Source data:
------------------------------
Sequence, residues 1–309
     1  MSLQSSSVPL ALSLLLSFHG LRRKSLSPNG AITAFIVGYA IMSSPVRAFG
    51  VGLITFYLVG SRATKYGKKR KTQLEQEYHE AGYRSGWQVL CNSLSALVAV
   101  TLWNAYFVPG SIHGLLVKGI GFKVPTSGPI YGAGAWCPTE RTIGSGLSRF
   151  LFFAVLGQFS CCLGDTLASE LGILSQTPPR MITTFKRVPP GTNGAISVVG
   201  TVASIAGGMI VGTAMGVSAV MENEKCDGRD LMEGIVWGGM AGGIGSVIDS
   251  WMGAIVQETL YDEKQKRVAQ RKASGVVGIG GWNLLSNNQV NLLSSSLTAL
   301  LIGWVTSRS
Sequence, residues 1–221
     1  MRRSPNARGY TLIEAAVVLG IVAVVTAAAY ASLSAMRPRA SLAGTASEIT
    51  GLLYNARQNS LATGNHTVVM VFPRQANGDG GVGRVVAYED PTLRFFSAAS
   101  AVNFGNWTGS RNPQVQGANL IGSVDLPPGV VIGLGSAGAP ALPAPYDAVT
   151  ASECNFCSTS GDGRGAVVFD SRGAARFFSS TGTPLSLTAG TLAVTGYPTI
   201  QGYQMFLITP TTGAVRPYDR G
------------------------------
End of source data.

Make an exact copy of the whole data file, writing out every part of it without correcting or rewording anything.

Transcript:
Sequence, residues 1–309
     1  MSLQSSSVPL ALSLLLSFHG LRRKSLSPNG AITAFIVGYA IMSSPVRAFG
    51  VGLITFYLVG SRATKYGKKR KTQLEQEYHE AGYRSGWQVL CNSLSALVAV
   101  TLWNAYFVPG SIHGLLVKGI GFKVPTSGPI YGAGAWCPTE RTIGSGLSRF
   151  LFFAVLGQFS CCLGDTLASE LGILSQTPPR MITTFKRVPP GTNGAISVVG
   201  TVASIAGGMI VGTAMGVSAV MENEKCDGRD LMEGIVWGGM AGGIGSVIDS
   251  WMGAIVQETL YDEKQKRVAQ RKASGVVGIG GWNLLSNNQV NLLSSSLTAL
   301  LIGWVTSRS
Sequence, residues 1–221
     1  MRRSPNARGY TLIEAAVVLG IVAVVTAAAY ASLSAMRPRA SLAGTASEIT
    51  GLLYNARQNS LATGNHTVVM VFPRQANGDG GVGRVVAYED PTLRFFSAAS
   101  AVNFGNWTGS RNPQVQGANL IGSVDLPPGV VIGLGSAGAP ALPAPYDAVT
   151  ASECNFCSTS GDGRGAVVFD SRGAARFFSS TGTPLSLTAG TLAVTGYPTI
   201  QGYQMFLITP TTGAVRPYDR G